Frank Lloyd Wright-Prairie School of Architecture Historic District

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Frank Lloyd Wright/Prairie School of Architecture Historic District
The Oscar B. Balch House designed by Frank Lloyd Wright, a contributing property to the district.
Location Bounded roughly by Harlem Ave., Division, Clyde, and Lake Sts., Oak Park, Illinois
Area 457 acres (185 ha)
Architect Frank Lloyd Wright, et al.
Architectural style Prairie style
Governing body Private owners, et al.
NRHP Reference # 73000699[1]
Added to NRHP December 4, 1973[1]

The Frank Lloyd Wright/Prairie School of Architecture Historic District is a residential neighborhood in the Cook County, Illinois village of Oak Park, United States. The Frank Lloyd Wright Historic District is both a federally designated historic district listed on the U.S. National Register of Historic Places and a local historic district within the village of Oak Park. The districts have differing boundaries and contributing properties, over 80 of which were designed by Frank Lloyd Wright, widely regarded as the greatest American architect to have ever lived.[2]

History[edit]

Oak Park, Illinois was first settled in 1835 and incorporated as a village in 1901. Architect Frank Lloyd Wright came there in 1889 and designed his home which was built in 1889, in 1897 he added the studio along Chicago Avenue. Wright brought international attention to the village, designing 25 structures there in all; most of them within the historic district. The Frank Lloyd Wright-Prairie School of Architecture Historic District provides a look at a cross section of Wright's work which spans several decades over his career. Some of his earliest works are within the district, leading up to buildings he designed during his "first mature period."[3] In 1972 the village of Oak Park created and designated the Frank Lloyd Wright-Prairie School of Architecture Historic District as a local historic district under its municipal laws. In December 1973 it was added as a federal historic district on the U.S. National Register of Historic Places.[4]

Boundaries[edit]

The Frank Lloyd Wright Historic District's boundaries for its National Register listing is roughly the Oak Park roads of Clyde Street, Division Street, Lake Street and a combination of Harlem Avenue.[1] The district's local boundaries are irregular but more specifically it is bounded by Division Street on its north, Lake Street on its south, Ridgeland Avenue on its east, and Marion Street and Woodbine Avenue on its west.[4]

Architecture[edit]

Over 80 of the houses and buildings within the boundaries of the federal historic district were designed by Frank Lloyd Wright and other adherents to his early modern Prairie style architecture. Besides the Prairie structures there are examples of 1860s Italianate and 1920s Medieval and Classical Revival in the district as well.[3]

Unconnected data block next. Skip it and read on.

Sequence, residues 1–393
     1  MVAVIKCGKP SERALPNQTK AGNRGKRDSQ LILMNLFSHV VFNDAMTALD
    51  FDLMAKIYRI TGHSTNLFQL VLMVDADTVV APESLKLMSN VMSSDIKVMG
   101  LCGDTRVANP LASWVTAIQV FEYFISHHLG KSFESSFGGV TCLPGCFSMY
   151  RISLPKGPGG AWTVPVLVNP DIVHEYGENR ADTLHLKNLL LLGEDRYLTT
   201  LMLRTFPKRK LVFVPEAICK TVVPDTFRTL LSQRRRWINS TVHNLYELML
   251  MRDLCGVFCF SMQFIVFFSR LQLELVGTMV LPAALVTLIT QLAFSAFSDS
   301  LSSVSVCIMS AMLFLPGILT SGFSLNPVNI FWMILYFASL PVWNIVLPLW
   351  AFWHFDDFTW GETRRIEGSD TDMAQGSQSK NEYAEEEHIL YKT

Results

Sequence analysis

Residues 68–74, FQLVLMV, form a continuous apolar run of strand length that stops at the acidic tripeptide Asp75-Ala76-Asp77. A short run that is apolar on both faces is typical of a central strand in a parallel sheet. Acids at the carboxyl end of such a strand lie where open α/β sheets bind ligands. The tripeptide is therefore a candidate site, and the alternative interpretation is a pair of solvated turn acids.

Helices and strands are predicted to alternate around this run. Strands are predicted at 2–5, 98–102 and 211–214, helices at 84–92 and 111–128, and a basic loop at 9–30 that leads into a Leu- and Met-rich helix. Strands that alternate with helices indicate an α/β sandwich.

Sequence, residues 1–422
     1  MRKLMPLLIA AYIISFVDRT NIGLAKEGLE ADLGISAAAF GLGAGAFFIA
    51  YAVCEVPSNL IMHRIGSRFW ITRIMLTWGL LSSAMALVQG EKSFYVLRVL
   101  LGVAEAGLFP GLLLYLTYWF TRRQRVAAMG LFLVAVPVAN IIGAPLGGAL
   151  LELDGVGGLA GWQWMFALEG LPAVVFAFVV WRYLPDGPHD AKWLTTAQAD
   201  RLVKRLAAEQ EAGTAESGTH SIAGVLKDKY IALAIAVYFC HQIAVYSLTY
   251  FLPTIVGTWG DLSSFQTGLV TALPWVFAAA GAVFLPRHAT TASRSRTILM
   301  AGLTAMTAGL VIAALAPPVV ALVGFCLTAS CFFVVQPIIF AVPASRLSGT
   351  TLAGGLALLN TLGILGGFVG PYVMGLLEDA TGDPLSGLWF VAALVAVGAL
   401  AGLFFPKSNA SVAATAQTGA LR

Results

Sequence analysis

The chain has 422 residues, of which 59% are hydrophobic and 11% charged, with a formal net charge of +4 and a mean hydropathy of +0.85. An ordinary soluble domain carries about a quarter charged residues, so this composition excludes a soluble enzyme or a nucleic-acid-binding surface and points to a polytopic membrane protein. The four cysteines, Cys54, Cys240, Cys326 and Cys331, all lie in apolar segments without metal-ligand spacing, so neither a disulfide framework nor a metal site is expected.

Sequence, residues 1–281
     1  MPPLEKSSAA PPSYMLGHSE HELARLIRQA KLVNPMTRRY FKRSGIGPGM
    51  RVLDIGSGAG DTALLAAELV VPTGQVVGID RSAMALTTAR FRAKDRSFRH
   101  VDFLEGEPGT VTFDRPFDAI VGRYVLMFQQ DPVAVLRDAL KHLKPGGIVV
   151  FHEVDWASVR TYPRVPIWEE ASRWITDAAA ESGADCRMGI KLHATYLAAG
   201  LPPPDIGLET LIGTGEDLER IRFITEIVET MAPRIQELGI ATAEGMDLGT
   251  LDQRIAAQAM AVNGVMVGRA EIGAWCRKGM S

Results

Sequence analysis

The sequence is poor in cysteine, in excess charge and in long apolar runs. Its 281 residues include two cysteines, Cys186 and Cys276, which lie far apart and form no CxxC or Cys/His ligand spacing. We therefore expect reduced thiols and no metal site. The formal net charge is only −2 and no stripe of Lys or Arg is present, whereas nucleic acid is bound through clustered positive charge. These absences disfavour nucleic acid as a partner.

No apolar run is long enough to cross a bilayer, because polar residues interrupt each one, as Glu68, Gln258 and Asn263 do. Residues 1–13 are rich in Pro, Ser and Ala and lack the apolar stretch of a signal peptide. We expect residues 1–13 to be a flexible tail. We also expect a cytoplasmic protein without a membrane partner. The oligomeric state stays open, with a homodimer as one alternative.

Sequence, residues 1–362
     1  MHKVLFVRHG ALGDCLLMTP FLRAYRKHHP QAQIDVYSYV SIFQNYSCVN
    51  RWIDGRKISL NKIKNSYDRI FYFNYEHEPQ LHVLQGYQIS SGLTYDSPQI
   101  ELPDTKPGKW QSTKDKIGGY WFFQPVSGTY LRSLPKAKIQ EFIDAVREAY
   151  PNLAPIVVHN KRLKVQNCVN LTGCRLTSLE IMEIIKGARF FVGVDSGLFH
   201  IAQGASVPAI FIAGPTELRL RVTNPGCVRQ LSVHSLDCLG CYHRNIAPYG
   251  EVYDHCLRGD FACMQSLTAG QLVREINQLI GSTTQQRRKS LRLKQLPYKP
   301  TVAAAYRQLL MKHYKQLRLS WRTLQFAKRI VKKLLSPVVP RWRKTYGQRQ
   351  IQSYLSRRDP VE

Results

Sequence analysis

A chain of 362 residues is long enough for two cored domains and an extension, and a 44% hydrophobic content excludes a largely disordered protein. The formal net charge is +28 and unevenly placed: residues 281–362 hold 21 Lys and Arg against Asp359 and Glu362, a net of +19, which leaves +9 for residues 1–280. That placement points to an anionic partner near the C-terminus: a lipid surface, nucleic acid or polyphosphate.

Structures[edit]

There are approximately 1,500 buildings within the boundaries of the local Frank Lloyd Wright Historic District. Of that number about 1,300 contribute to the historic character of the district.[4] The federally designated Frank Lloyd Wright historic district is less encompassing including only 80 structures, all of which are listed as contributing properties.[5] The Frank Lloyd Wright designs include the Mrs. Thomas H. Gale House, Nathan G. Moore Residence, Arthur Heurtley House, Frank Thomas House, Edwin H. Cheney House, George Furbeck House, Oscar B. Balch House, and nearly twenty others.

Significance[edit]

The historic district is of the highest significance on a national level for its residential architecture.[3] Of the buildings within the historic district over 20 of them were designed by Frank Lloyd Wright. Besides the structures designed by Wright there are 60 other buildings designed by colleagues, students, followers and other adherents of Wright's Prairie School of architecture. The National Register of Historic Places form called the district "undoubtedly the largest concentration of early modern architecture to be found anywhere in the world.[3] It was added to the National Register on December 4, 1973.[1]

Notes[edit]

  1. ^ a b c d "National Register Information System". National Register of Historic Places. National Park Service. 2010-07-09. 
  2. ^ "Mrs. Thomas H. Gale House," (PDF), National Register of Historic Places Nomination Form, HAARGIS Database, Illinois Historic Preservation Agency. Retrieved 26 May 2007.
  3. ^ a b c d Robert A. Bell and Roy G. Hlavacek, Oak Park Landmarks Commission, Village of Oak Park (March 27, 1973), National Register of Historic Places Inventory-Nomination: Frank Lloyd Wright-Prairie School of Architecture Historic District PDF (32 KB), State of Illinois 
  4. ^ a b c "Frank Lloyd Wright-Prairie School of Architecture Historic District," (PDF), Brochure, Village of Oak Park, Illinois. Retrieved 19 April 2007.
  5. ^ "Frank Lloyd Wright Prairie School of Architecture Historic District," Property Information Report, Illinois Historic Preservation Agency, HAARGIS Database. Retrieved 19 April 2007.

External links[edit]